This week and the next two weeks, we bring you “The Art Collector’s Dream Diary,” a brand new Weird Luck short story by my esteemed Weird Luck co-author Andrew M. Reichart (who also did this week’s artwork).
As is probably obvious to anyone who’s read a substantial amount of the Weird Luck material we’ve published, the work of H.P. Lovecraft is one of the many unwholesome influences that has contributed to shaping Weird Luck. In “The Art Collector’s Dream Diary,” the Weird Luck universe directly intersects Lovecraft’s universe.
For those unfamiliar with Lovecraft: the Lovecraft works referenced here are the short story “Pickman’s Model” and the novella The Dream-Quest of Unknown Kadath.
For those relatively new to the Weird Luck universe: the institution with which Associate Archivist Finkler is associated, the Archive of Thoth, appears in Andrew’s City of the Watcher trilogy and will eventually appear in the webcomic. We recently met another Associate Archivist of the Archive of Thoth, Dr. Mariel Baratsu.
See you next Wednesday,
The Art Collector’s Dream Diary
Part 1: Preliminary Reconnaissance
Associate Archivist Finkler, logging my notes via the telepathic rig from the oneirojet. Wish me luck falling asleep with this headdress on. Via a series of various connectors from the IT guys, I’ve got the rig plugged into Prof. Gorfeth’s new thought-to-text translation system; curious to see its output. Gorf makes grand claims about how well it’ll capture my ‘personal idiom.’ We’ll see.
To retrieve the painting Subway Accident, I begin simply with a preliminary foray via mundane dreaming. The hope is for some useful reconnaissance before I proceed bodily in the oneirojet. Yes, as others have pointed out frequently, it is hard to rely much on personal dreams for indications of anything external, even with my peculiar expertise. Yet the occasional divinatory hint does show through. And in any event, what’s the risk? Putting this on the record for the naysayers (looking at you, Clark) as a declaration regarding my expectation management.
One last note on my proposed method. Having confirmed the secure location of every major painting by Pickman (including several I’ve collected for our Archive), Subway Accident alone remains inexplicably elusive. Having exhausted mundane channels, I now look to the elusive Pickman himself for clues. Once I find him, soliciting his memory may prove difficult; per the few known accounts of him in recent decades, his personality has shed sufficiently that even telepathic assistance may not suffice. By the same token, however, he has become iconic—an iconic figure being thereby all the easier to find, in either mundane dream or Dream Realm F-37, for someone with my skill at communing with archetypes. When the time comes, I should be able to navigate the oneirojet straight to him.
For this recon, though, my own lucid dreaming will suffice. My hypnagogic state has been deepening during the recording of this log. Now deep enough to drift into the twisting night streets of old Boston. Not a soul out walking, no lights in any of the many-paned windows, only a cracked moon and planets luminous overhead between the looming gables. Before long I have wound my way to the ancient door of what I know must be Pickman’s shack, his notorious secondary studio wherein he painted his gravest horrors.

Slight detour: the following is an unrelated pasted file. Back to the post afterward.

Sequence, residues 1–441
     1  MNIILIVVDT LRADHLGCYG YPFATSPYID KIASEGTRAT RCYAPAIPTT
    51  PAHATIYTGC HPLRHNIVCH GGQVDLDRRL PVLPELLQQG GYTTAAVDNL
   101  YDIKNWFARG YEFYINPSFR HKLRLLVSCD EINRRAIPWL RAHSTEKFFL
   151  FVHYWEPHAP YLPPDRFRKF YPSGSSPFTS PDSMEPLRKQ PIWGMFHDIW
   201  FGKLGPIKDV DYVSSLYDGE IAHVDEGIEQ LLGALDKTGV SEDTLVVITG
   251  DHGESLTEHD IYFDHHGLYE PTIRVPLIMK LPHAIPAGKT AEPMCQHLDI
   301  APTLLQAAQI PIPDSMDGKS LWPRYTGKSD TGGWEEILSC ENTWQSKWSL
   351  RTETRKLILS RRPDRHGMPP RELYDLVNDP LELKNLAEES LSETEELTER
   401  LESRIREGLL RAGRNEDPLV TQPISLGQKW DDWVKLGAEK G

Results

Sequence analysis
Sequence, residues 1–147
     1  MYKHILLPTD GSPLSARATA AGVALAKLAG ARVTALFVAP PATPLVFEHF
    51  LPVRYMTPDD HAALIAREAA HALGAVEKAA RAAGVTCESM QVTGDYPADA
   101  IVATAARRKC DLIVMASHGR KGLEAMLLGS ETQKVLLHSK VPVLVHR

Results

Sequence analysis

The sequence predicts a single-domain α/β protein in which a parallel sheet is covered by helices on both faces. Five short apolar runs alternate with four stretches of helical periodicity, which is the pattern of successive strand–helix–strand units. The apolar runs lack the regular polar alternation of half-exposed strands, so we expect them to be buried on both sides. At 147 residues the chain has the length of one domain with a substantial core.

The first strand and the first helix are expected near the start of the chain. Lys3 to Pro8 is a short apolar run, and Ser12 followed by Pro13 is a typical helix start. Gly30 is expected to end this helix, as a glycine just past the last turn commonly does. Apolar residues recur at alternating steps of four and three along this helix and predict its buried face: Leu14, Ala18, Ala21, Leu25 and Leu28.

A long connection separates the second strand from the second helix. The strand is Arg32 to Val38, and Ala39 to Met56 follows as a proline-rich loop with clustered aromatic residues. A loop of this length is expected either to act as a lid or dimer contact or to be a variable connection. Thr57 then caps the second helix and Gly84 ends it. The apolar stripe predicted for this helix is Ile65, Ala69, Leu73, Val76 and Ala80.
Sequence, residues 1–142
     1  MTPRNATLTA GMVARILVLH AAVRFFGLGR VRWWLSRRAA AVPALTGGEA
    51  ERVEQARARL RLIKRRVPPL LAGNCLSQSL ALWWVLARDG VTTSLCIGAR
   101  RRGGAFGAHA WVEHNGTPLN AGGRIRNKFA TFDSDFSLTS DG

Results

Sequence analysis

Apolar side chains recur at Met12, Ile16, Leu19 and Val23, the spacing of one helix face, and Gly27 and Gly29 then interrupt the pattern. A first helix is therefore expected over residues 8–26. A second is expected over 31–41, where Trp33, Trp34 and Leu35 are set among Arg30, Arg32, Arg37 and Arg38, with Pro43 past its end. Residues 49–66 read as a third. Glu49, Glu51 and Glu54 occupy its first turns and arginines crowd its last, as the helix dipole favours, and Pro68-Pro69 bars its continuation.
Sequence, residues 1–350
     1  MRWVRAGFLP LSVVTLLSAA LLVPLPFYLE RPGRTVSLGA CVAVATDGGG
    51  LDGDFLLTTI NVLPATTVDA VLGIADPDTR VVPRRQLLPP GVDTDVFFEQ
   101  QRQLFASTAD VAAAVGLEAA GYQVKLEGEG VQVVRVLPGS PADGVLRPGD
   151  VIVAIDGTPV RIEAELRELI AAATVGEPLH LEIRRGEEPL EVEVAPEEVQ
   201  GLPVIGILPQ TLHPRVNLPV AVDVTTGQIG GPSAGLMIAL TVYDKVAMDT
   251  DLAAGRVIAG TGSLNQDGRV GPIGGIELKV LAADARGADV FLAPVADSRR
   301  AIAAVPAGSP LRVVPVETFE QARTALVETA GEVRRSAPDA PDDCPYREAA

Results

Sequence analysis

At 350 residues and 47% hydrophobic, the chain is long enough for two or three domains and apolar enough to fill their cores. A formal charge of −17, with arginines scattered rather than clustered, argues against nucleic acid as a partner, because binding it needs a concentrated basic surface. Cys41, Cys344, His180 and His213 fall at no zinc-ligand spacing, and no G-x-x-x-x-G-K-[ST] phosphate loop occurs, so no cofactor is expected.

Push open the door. Descend into the darkened interior. I find myself teetering down a stairway lit only by the faintest death-light emanating from the cellar walls. Barely visible in the floor: a circle a yard across. A raised circle of bricks with a round wooden cover.
Panic washes through my dreambody, lucidity notwithstanding. Monsters lurk in the well. Monsters are in fact emerging from the well.
The wooden cover rises a few inches. Through the gap shoves a grinning snout, red eyes ogling, pointed ears. Then clawed hands, angular shoulders, and the lean and rubbery body of a lithe, vile ghoul slides out from under the wooden well-cover and lets it clatter back in place.
The crouching ghoul leers up at me, casual, murderous. “No more painting for you,” it enunciates with some effort.
“I merely seek to preserve Pickman’s great works!” I protest.
“In vault?” It laughs hissingly. “In hoard?” I bristle at its accusation, but before I can reply it continues. “You are like finder of fresh mausoleum or car accident family, who tell no one; meanwhile, other ghouls hunger.”
“Let me speak to Pickman.”
“Pickman dream me into your dream to say no.” The thing stands. Towers over me. Flexes its clawed fingers.
One feature provided by lucid dreaming: having whatever you need readily at hand. Such as this monomolecular sword. I extend the blade several feet and chop the nauseating creature diagonally in half. My blade catches the lip of the well behind it and a chunk of brick falls clonk to the floor. A small semicircle of wood clatters into the dark depths.
The ghoul’s torso slides drily apart. Then without even a flicker or a flash it’s standing there once more, intact and only slightly more hostile. My next stroke brushes harmlessly across it like a hair without leaving a mark.
“No more painting for you!” it snarls. It flexes its clawed fingers, leans forward into a languid step towards me.
The monomolecular sword is suddenly a bullwhip, which I thwack backhanded through the air at the ghoul, coiling its outstretched forearm. A quick tug tears it from my grip. The ghoul lurches closer.
I turn and run. Barrel through twisting hallways. Out into wet alleys. The thing breathes hot breath on my back. I give up and wake myself with a start. My damp shirt weighs me down with sweat.
Someone has set up psychic wards around the very idea of Pickman. A telepathic trap in the form of a ghoulish nightmare. Who would do this? Possibly even Pickman himself? Pickman dream me into your dream to say No. Exactly why?